Debates Day 4 - 20 August 1975
Parliamentary Record 5
Northern Territory. Department of the Legislative Assembly
Debates for 1st Assembly 1974 - 1977; Parliamentary Record; ParliamentNT; 1st Assembly 1974 - 1977
Made available by the Legislative Assembly of the Northern Territory
pages 457 - 498
Attribution International 4.0 (CC BY 4.0)
Legislative Assembly of the Northern Territory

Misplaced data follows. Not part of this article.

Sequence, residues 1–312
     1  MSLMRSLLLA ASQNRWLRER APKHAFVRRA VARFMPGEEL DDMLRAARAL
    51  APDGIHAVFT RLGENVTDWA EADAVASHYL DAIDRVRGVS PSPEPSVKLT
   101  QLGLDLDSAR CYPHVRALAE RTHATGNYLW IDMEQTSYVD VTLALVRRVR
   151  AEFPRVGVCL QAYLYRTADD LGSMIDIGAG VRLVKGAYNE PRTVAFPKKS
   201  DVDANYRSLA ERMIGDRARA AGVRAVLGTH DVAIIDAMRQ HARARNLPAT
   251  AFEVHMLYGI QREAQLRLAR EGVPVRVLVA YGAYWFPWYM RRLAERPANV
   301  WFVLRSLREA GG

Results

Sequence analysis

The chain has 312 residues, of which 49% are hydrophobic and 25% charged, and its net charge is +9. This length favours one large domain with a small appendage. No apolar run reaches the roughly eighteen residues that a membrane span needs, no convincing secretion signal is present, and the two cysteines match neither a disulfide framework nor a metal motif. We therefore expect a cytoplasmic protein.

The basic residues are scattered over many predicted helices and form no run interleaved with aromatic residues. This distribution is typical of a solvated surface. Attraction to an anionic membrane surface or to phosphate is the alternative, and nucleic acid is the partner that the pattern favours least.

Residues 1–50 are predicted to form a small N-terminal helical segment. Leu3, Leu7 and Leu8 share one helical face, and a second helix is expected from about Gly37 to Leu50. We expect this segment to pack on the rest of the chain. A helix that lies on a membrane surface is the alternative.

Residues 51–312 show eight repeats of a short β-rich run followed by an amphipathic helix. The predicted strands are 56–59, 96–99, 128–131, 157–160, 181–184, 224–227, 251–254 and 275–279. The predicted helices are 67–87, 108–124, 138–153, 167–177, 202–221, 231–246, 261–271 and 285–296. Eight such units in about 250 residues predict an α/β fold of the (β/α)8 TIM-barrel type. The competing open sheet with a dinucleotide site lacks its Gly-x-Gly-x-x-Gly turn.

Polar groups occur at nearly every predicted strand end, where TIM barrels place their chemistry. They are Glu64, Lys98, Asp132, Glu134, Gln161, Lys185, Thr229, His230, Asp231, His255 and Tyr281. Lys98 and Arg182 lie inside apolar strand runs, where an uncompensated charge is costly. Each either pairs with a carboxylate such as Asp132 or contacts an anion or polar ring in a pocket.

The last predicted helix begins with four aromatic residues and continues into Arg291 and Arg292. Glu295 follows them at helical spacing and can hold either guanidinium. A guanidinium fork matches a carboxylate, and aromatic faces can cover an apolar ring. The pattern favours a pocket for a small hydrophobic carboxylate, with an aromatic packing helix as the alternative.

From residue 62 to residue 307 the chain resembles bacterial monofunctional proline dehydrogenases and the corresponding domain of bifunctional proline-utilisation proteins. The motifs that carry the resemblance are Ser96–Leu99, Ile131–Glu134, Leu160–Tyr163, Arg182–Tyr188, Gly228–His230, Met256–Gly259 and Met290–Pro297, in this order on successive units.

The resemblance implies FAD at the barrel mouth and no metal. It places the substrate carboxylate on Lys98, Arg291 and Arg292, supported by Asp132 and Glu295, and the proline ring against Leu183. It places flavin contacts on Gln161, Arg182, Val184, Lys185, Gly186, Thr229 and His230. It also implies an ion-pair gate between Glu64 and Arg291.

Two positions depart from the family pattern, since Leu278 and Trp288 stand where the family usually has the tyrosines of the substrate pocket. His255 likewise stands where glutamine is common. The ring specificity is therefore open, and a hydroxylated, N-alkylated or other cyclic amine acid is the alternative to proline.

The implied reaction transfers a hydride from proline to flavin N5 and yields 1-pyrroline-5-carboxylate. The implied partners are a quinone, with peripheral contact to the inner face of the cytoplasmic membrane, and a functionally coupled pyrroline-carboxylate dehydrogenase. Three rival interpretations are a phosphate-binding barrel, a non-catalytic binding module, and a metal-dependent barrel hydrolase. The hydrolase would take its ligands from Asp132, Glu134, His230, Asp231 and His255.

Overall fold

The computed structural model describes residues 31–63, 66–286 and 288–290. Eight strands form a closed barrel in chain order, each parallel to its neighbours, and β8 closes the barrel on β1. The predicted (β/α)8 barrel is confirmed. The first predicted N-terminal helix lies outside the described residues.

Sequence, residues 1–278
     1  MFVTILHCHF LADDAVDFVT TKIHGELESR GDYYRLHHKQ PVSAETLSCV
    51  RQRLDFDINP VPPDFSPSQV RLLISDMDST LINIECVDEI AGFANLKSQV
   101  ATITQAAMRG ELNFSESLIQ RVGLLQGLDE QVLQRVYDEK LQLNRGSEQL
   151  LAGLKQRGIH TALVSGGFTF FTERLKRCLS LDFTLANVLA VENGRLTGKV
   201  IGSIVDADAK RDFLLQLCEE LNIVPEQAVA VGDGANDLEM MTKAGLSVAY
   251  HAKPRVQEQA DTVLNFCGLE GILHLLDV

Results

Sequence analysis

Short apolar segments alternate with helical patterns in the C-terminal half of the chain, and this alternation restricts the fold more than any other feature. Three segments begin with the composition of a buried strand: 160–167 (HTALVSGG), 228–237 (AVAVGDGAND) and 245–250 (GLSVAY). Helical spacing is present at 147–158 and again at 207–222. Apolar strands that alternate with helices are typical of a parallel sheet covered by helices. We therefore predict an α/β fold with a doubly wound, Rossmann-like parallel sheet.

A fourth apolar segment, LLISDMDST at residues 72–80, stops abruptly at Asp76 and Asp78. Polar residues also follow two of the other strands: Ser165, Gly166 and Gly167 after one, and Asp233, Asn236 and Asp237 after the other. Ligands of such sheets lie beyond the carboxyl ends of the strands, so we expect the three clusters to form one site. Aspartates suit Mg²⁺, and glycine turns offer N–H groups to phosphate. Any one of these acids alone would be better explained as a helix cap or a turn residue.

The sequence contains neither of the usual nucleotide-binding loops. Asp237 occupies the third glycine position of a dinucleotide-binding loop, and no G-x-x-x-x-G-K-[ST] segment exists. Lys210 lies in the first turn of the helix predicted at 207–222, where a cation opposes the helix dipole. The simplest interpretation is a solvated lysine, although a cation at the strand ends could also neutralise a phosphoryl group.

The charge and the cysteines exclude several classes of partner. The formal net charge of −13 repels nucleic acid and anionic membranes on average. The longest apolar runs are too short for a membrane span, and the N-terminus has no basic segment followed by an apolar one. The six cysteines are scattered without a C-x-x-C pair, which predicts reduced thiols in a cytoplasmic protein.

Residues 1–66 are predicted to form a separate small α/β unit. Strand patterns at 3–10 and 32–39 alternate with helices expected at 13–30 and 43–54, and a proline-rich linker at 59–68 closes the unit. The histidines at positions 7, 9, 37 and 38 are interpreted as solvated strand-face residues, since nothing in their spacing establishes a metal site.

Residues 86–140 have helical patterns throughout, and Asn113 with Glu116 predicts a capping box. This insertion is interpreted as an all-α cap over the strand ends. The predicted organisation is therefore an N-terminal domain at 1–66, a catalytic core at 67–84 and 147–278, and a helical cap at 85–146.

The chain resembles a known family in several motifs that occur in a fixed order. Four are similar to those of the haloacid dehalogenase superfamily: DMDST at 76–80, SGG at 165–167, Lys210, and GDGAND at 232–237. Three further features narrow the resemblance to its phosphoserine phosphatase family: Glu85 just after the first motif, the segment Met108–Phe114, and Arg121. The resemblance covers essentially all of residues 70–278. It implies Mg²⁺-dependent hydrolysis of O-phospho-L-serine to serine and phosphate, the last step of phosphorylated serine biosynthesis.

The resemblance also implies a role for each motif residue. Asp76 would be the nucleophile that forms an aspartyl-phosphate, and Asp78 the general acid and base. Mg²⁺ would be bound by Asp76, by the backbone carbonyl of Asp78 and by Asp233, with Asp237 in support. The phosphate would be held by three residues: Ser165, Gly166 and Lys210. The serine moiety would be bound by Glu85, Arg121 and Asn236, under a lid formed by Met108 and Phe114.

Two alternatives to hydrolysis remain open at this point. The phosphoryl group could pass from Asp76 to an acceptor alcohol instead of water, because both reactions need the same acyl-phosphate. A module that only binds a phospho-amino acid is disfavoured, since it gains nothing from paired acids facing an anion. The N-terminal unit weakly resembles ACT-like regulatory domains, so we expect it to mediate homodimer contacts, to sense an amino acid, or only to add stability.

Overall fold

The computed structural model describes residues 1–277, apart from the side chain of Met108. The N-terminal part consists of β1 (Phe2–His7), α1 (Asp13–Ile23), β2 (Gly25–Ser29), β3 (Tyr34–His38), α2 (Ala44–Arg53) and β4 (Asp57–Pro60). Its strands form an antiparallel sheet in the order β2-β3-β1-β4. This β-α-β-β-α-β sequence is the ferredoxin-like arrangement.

DEBATES-Wednesday 20 August 1975 programme which might be mounted in the manner outlined above, but you will appreciate that we are in no position to compel children to participate in the activities during the holiday period". That, of course, was never intended. There would be no compulsion but what the Department has apparently agreed to offer is a range of activities using the resources of the schools which will be community centres for the period and they have agreed to fund people to co-ordinate and supervise the programs. For that, the Department of Education has my unbounded thanks and gratitude. Mr TUNGUTALUM: I would like to say just a few words on mining at labiru. I just want to read some of the summary that was made in the Environmental Impact Study made by Ranger Uranium Mines Pty Ltd. "The natural, physical environment in the area proposed to be operated by Ranger Uranium Mines at labiru is an integral part of the area described as the Alligator River region. It has a climate pattern similar to Oenpelli and Aboriginal tradition can be extrapolated from data collected in Darwin. In some of these areas, some of the Aboriginal people claim some of this land, but I think mining in a place like that can give a lot of employment, not only to Aboriginal people but also to Europeans. I am not sure if the Minister for Minerals and Energy has put a stop on this mining at labiru. If he does this, I think overseas interests will come in and take over. We would rather see our own company carry out this job". This statement was made by Ranger Uranium Pty Ltd. I think I will have to do a little bit of study on it. I think that whatever they may do will be very good. Some of the aspects of what they do will affect the place but I think they clearly come out with some really good points and proposals for environmental management and I feel it will come out pretty good. Mr Deputy Speaker, I personally accept this statement by Ranger Uranium Mines Pty Ltd. Mr EVERINGHAM: I rise to speak on a subject which we do not often advert to in this House and that is defence expenditure. It is particularly timely, in view of the Australian Budget having been delivered last evening, to refer to some of the happenings that have been taking place a few hundred kilometres north of our shore line. I do not know who our enemies may be and I do not know that we have any-I hope that we have none-but Australia is an inviting prospect and there is 497 no doubt that many people consider we have more than a fair share of the world's goods. One would think that, in the changing pattern north of us where in place of the world's, oldest western empire new and perhaps less stable regimes are arising, Australia may have some worries when we consider that we do not have a wharf in Darwin at which our largest warships can berth. HMAS Melbourne had to stand out in the fairway after the cyclone because there is not a wharf in Darwin to accommodate it. There is unrest and it is not so far from home. People in Portuguese Timor, or East Timor as it has been called in the last week or so, have, if we can believe the newspaper reports, been having their homes burnt down around their ears, perhaps having their throats slit whilst they sleep. The people concerned have every right to come to power in that particular place if they possess the majorityof Mrs Lawrie: Knives. Mr EVERINGHAM: ... the population in their support. Or the majority of knives, as the honourable member for Nightcliff so succinctly put it. Who is to say that they have not every right to rule Dili, Baucau and Kupang and places like that? Who is to say that they may not become friendly with powers which possess navies of much greater strength and importance than the Australian Navy which I think has descended from some importance in World War 11 to a next to nothing type existence at the moment, where most of its ships are fit for nothing but the scrap heap. Our air defences in Darwin are down to SF A if I might use the expression, and the advanced early warning radar station, which was demolished in the cyclone, has apparently no provision in this year's Budget for its restoration, repair or reinstatement. A fellow was in Darwin last week from Timor apparently preaching revolution. What of Indonesia? Indonesia might today seem a stable country; I hope that it is a stable country. Whilst there is a friendly government there we are quite well off, but we don't know what will happen; you could wake up tomorrow morning and find that what has happened in Bangladesh had happened in Indonesia. Where would we be then? Mrs Lawrie: Safe and sound in Darwin. Mr EVERINGHAM: Who is to say that the Timorese, on achieving independence, will not offer naval facilities to some foreign
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